Dating back to the 1500s, women have played a key role in the growth and evolution of golf as a sport. From the days of Queen Mary in the 16th century to the formation of the first Women’s Club in the 1860s, female golfers in past history helped pave the way for the professional women of today. In honor of the Ricoh Women’s British Open commencing for its 38th year, we’ve highlighted some of the most influential women throughout history and their tribute to the game.
Queen Mary of Scots
Known to many as the “Mother of Golf,” Queen Mary was a famously avid golfer during her reign. The queen is even credited with coining the term caddy, as she called her assistants on the green “cadets.” She held the crown when the world renowned St. Andrews golf course was built, and her portrait hangs on the wall of the course’s golf museum.
St. Andrews Golf Course
1867 was a big year for female golf enthusiasts. Before, women friendly sports were limited to croquet and archery, until the St. Andrews Ladies’ Golf Club was formed. The formation of the Club was a milestone for women of the sport, as no such entity priorly existed. About 25 years later, a Ladies’ Golf Union was created.
By the 1930s, women were competing in amateur golf tournaments in the US and across the atlantic. Although professional tournaments would not exist for many years to come, golfer Helen Hicks became a pioneer for her fellow female golfers as one of the first professional women in the sport. In 1934, she signed with Wilson Western Sporting Goods Company to promote their products. Sixteen years later, she became one of 13 women that founded the LPGA.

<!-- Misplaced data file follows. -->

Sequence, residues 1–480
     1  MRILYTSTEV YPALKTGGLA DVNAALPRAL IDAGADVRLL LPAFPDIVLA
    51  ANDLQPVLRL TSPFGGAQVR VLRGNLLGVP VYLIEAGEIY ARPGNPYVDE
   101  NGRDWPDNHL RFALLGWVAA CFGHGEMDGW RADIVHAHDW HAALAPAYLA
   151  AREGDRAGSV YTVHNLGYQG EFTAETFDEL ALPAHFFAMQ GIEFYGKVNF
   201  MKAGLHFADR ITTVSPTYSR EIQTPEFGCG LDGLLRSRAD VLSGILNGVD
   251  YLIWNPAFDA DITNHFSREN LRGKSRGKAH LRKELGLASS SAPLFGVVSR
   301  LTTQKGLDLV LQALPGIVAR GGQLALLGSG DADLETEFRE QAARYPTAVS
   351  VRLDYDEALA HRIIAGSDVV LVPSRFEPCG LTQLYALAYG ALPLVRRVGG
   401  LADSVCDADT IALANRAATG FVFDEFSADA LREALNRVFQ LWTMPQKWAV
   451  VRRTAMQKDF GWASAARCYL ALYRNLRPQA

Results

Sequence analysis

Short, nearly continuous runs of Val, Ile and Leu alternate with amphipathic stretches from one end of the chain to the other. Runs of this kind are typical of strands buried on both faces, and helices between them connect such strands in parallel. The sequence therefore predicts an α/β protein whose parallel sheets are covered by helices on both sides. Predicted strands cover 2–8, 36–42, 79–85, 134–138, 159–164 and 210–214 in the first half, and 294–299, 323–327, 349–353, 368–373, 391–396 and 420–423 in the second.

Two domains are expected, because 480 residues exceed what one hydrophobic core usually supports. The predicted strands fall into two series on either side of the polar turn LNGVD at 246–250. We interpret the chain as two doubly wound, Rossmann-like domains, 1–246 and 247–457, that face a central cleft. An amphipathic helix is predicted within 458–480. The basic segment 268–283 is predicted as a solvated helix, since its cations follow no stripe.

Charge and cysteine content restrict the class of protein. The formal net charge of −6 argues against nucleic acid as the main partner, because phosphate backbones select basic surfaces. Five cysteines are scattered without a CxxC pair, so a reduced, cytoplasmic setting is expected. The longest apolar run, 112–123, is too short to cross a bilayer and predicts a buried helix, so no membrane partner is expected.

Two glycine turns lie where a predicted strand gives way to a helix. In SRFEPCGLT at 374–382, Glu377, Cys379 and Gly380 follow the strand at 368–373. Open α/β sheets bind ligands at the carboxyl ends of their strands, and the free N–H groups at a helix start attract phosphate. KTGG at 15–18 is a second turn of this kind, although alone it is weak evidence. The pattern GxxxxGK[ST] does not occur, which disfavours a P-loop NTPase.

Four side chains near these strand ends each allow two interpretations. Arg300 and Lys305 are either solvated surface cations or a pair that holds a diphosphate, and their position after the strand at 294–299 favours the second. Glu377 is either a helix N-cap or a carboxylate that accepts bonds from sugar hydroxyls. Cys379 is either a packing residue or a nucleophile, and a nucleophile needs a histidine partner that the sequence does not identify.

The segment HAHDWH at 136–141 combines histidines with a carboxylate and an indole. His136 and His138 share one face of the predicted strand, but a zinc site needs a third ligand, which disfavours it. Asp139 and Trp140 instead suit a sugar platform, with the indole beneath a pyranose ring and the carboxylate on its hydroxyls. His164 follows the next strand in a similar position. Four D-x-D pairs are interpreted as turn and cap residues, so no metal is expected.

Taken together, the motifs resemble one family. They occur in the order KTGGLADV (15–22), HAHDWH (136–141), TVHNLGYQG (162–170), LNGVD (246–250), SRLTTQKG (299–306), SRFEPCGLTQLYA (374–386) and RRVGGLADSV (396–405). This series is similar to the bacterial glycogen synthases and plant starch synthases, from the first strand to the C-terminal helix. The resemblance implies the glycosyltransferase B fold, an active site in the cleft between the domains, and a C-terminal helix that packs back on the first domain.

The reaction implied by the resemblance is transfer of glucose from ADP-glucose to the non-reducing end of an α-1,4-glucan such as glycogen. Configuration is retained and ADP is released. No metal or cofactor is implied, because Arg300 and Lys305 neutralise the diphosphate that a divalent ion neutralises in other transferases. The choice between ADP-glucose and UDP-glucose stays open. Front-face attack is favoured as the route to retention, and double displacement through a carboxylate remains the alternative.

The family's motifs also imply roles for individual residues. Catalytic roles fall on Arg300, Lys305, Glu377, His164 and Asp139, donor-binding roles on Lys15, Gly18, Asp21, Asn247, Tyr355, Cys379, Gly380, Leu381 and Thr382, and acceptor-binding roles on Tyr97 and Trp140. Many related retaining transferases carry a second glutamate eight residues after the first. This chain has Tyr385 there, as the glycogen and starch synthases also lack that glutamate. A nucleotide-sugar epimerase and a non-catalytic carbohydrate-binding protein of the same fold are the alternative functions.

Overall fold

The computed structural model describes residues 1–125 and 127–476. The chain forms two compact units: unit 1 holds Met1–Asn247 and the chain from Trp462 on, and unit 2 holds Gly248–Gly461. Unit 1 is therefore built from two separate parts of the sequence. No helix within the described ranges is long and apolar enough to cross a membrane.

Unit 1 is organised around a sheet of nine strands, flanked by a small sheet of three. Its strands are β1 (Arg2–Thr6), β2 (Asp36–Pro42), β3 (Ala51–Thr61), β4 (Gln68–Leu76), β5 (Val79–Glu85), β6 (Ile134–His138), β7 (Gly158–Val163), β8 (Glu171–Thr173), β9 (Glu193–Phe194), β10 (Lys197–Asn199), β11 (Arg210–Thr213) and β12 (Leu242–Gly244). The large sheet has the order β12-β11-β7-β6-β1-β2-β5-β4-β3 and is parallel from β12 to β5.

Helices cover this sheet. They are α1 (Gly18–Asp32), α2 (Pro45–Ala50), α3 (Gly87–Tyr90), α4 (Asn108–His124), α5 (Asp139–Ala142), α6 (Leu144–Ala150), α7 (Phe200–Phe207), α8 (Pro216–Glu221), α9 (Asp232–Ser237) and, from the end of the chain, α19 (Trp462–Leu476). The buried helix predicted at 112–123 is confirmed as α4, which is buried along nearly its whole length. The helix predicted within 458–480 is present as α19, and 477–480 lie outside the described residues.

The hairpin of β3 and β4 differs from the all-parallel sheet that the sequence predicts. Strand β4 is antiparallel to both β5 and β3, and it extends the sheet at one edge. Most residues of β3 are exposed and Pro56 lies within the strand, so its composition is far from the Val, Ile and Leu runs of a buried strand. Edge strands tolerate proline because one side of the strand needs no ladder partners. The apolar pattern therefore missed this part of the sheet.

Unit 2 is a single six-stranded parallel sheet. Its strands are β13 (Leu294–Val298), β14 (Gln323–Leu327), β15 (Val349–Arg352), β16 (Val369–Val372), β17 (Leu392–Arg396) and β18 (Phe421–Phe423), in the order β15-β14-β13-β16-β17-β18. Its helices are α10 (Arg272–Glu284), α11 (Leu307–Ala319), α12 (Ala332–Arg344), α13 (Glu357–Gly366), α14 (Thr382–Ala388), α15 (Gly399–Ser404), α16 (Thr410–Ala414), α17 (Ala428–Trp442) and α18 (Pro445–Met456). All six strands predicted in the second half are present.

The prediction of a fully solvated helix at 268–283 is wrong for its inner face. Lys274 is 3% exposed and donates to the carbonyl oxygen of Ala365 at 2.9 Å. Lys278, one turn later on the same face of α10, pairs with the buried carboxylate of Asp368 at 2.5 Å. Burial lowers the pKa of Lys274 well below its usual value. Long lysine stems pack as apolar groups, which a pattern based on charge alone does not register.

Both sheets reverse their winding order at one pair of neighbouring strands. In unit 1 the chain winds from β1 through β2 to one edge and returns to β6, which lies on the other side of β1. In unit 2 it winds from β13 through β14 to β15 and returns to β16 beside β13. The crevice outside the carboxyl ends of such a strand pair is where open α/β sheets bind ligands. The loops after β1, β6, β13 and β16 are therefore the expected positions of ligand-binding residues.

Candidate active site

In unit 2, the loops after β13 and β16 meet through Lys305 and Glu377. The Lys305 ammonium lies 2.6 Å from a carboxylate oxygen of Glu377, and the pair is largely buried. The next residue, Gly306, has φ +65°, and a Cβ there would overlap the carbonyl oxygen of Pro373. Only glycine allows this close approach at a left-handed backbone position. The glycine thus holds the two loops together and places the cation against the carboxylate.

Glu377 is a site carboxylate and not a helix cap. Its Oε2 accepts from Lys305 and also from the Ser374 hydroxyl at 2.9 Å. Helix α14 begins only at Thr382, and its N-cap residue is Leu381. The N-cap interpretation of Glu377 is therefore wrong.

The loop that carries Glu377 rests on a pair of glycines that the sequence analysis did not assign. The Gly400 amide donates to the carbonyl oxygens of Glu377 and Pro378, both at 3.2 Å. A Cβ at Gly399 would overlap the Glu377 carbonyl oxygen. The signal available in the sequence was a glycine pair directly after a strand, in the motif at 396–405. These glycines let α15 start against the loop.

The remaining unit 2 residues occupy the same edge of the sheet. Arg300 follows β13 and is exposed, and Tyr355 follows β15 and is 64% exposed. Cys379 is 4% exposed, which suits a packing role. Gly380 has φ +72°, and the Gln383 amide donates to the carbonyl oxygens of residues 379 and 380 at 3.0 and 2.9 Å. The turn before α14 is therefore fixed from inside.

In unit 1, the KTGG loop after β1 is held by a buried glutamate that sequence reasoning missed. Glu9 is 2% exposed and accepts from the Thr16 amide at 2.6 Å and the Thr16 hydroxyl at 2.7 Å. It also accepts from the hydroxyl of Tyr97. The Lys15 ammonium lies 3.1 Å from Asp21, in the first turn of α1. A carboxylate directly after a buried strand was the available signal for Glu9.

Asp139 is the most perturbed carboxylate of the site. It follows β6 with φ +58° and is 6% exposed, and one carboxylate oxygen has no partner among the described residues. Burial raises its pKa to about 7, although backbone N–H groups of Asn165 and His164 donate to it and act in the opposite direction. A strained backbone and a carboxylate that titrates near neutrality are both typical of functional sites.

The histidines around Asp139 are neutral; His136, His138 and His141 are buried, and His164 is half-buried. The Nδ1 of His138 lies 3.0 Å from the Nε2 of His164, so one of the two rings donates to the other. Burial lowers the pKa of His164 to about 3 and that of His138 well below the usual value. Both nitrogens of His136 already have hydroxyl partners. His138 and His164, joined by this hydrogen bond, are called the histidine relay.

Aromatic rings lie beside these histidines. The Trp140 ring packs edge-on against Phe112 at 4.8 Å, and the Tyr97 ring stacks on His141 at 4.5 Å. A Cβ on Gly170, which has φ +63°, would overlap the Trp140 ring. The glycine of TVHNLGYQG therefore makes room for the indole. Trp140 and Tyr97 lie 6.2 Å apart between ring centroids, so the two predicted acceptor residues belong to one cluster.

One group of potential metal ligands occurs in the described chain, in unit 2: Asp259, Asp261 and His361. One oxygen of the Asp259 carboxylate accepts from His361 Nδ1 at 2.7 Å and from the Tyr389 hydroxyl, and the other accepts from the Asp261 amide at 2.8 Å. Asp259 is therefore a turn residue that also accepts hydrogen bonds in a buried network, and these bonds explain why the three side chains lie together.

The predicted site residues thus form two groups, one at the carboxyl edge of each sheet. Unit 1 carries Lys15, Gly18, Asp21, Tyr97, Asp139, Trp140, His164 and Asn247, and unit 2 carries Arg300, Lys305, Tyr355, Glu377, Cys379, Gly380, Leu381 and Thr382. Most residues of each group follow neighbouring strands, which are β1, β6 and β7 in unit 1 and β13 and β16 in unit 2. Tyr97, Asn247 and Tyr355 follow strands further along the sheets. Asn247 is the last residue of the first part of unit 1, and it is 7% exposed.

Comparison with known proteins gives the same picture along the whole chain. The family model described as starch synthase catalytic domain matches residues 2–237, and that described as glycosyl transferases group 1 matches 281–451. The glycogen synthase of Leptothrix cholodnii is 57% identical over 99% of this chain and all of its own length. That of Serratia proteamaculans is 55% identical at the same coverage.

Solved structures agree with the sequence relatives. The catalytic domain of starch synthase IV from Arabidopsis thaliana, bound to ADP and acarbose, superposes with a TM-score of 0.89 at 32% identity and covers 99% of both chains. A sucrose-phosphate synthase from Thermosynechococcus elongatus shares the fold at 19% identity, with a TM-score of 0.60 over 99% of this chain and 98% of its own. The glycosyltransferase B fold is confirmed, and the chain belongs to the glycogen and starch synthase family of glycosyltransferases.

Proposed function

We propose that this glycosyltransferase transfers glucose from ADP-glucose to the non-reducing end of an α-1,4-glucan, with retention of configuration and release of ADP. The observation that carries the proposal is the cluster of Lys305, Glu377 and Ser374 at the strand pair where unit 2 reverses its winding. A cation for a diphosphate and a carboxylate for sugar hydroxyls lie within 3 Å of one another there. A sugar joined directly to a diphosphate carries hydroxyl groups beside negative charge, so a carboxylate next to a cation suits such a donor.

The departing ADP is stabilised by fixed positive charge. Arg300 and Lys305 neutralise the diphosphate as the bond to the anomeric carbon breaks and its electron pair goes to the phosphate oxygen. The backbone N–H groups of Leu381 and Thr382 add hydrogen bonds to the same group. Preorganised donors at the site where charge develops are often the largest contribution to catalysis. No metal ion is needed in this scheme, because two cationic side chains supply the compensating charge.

Another founding member of the LPGA, Patty Berg won the first Titleholders Championship for professional and amateur female golfers in 1937. But she didn’t stop there. A member of the World Golf Hall of Fame, Patty still holds the all-time record for most major wins by a female golfer with 15 titles.
All-around athletic superstar and Olympic Gold Medalist Babe Zaharias didn’t hang her hat on her Olympic laurels in Track and Field. Although she was considered a latecomer to golf in 1935, she quickly made a name for herself and gained international fame. She became the first woman to compete in a men’s PGA tournament, securing celebrity status in the US. She went on to win numerous tournaments as an amateur then a professional, and by 1950, had taken every golf title available. Her number of victories sits at 82.
The next few decades saw a stream of influential female golfers make waves and setting records, including Mikey Wright, Judy Rankin, Kathy Whitworth and Juli Inkster. In 1996, Judy Bell makes history as the first woman president of the United States Golf Association and serves two terms.
Today, the LPGA and PGA of America work together to empower, educate and elevate female golfers and to keep the dream alive of the original and founding LPGA members.